Liu Pi, Prince of Wu

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Liu Pi
Marquess of Pei
Tenure 196 BC - 195 BC
King of Wu
Reign 195 BC - 154 BC
Born 216 BC
Died 154 BC (aged 61-62)
Issue
  • Liu Xian (劉賢), Crown Prince of Wu State
  • Liu Zihua (劉子華)
  • Liu Ju (劉駒)
Full name
Family name: Liu ()
Given name: Pi ()
House House of Liu
Father Liu Xi, King Qing of Dai

Liu Pi (simplified Chinese: 刘濞; traditional Chinese: 劉濞; pinyin: Liú Pì, reigned as Prince 216–154 BC) was a nephew of Emperor Gao of Han, son of Liu Xi, Prince of Dai, and created as Prince of Wu by Emperor Gao. During the reign of Emperor Jing, he initiated the Rebellion of the Seven States to resist centralizing policies, in which he was defeated and killed.[1]

Biography[edit]

In 196 BC, he was made Marquess of Pei at the age of 20. He demonstrated his combat ability as a cavalry general in the campaign against Ying Bu. In 195 BC, Emperor Gao promoted Pi to Prince of Wu due to his growing worry of the Wu provinces.[2]

When Emperor Wen of Han was in throne, Pi's son Liu Xian and Crown Prince Qi (later Emperor Jing of Han) involved in a game of Liubo which ended in the crown prince accidentally killing Pi's son with the chess board. Out of revenge and growing distrust of the Emperor, Pi started building up wealth and military in his territory. Emperor Wen believed his son was at fault and did not hold Pi accountable for his expansion.[3]

After Crown Prince Qi ascended to the throne and became Emperor Jing of Han, under the advice from Chao Cuo, a series of centralize effort began in attempt to reduce strength of regional princes. In 154 BC, Pi convinced six other princes to rebel against the emperor, thereby starting the Rebellion of the Seven States. The emperor appointed Zhou Yafu as commander and defeated Pi's army. Pi was killed in battle and his title was abolished.[1]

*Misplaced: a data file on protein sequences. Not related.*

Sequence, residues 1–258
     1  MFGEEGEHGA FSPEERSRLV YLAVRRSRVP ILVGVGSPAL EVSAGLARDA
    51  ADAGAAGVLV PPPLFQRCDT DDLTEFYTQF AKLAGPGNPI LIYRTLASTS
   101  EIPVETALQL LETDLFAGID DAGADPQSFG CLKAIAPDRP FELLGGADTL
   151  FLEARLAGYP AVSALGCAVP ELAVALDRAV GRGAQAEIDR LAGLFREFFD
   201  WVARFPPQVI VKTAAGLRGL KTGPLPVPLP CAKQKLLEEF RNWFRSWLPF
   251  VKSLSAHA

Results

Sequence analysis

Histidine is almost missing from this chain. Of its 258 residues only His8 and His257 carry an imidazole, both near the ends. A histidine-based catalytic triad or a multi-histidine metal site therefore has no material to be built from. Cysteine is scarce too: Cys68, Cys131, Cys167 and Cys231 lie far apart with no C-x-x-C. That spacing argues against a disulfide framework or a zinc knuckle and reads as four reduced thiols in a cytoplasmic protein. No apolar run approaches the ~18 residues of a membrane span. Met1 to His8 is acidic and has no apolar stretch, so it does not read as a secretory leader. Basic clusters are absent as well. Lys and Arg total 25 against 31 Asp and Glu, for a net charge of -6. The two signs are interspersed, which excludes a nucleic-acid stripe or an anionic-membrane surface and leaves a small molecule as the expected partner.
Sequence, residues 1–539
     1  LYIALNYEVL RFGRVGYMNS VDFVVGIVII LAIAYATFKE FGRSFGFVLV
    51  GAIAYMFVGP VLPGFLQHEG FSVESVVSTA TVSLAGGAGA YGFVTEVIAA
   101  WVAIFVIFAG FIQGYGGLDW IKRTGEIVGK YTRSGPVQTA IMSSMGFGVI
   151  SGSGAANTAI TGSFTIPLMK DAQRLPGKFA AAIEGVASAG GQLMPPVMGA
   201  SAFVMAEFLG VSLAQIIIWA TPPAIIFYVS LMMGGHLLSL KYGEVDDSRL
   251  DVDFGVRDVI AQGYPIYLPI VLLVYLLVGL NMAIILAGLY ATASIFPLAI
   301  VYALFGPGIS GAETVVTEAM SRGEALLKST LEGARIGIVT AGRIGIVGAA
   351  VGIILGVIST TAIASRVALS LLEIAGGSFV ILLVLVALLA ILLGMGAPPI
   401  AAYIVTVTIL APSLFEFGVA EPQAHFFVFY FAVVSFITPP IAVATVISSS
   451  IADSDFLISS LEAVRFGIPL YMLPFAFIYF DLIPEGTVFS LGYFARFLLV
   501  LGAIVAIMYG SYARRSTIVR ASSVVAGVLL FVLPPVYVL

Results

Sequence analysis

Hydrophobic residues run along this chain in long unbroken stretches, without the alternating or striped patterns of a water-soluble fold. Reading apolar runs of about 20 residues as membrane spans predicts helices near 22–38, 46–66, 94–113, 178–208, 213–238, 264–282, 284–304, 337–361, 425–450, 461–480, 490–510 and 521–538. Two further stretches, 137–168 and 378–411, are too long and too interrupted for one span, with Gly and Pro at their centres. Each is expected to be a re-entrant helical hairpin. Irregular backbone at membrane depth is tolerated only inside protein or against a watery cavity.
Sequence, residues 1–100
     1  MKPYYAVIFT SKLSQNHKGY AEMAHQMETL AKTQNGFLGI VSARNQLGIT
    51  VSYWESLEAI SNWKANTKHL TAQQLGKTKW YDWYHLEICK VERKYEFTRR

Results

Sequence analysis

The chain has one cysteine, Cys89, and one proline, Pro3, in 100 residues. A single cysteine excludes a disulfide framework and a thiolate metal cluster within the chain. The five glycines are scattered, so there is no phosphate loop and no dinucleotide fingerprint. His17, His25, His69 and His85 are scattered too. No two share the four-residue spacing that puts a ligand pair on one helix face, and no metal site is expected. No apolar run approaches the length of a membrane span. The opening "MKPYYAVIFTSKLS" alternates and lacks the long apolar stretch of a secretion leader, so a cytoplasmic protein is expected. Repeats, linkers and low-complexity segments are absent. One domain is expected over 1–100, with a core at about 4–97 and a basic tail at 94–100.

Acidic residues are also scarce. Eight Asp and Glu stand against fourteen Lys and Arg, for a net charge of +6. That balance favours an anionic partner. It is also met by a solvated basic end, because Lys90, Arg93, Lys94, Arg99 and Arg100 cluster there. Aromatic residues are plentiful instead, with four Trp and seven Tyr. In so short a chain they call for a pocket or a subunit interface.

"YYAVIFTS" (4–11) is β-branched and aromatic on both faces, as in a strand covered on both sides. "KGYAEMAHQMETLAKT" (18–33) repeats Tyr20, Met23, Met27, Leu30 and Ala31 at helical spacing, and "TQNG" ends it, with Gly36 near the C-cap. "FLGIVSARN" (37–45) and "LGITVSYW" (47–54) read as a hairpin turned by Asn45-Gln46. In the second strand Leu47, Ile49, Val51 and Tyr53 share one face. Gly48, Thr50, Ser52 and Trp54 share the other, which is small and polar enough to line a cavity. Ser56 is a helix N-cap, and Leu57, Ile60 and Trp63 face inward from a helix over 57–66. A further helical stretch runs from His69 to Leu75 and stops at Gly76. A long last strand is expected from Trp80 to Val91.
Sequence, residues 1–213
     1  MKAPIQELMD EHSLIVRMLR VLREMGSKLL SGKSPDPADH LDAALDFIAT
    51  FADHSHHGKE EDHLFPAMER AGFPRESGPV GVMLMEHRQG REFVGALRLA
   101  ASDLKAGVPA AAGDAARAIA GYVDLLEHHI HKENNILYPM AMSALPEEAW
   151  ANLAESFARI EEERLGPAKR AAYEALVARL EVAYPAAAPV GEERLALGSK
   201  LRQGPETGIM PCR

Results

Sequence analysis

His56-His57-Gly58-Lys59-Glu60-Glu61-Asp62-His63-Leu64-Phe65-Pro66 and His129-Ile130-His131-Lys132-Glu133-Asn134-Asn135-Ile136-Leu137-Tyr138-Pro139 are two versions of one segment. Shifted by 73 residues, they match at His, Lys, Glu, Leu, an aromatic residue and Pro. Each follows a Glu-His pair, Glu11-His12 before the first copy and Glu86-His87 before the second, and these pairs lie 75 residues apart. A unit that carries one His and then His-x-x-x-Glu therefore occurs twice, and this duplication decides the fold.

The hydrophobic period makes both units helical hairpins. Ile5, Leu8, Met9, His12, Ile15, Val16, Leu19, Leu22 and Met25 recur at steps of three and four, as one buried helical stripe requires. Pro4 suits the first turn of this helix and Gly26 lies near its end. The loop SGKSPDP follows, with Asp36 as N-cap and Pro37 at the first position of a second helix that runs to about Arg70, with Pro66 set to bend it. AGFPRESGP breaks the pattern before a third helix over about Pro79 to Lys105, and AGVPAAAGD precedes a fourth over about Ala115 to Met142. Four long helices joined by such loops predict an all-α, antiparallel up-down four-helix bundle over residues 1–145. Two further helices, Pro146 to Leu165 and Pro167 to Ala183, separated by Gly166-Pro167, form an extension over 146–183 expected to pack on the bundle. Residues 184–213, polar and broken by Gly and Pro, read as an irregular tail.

References[edit]

  1. ^ a b Ban Biao; Ban Gu; Ban Zhao. "荊燕吳傳" [Biographies of the Princes of Jing, Yan and Wu]. Book of Han (in Chinese). Volume 35. Retrieved 16 June 2011.
  2. ^ Ban Biao; Ban Gu; Ban Zhao. "諸侯王表" [Table of nobles related to the imperial clan]. Book of Han (in Chinese). Volume 14. Retrieved 16 June 2011.
  3. ^ Sima Qian. "吳王濞列傳" [Biographies of Pi, the Prince of Wu]. Records of the Grand Historian (in Chinese). Volume 106. Retrieved 12 July 2011.
Liu Pi
Born: 216 BC Died: 154 BC
Chinese royalty
New creation Marquess of Pei
196 BC – 195 BC
Enfeoffed as King of Wu
Chinese nobility
New creation King of Wu
195 BC – 154 BC
Demoted due to Rebellion of the Seven States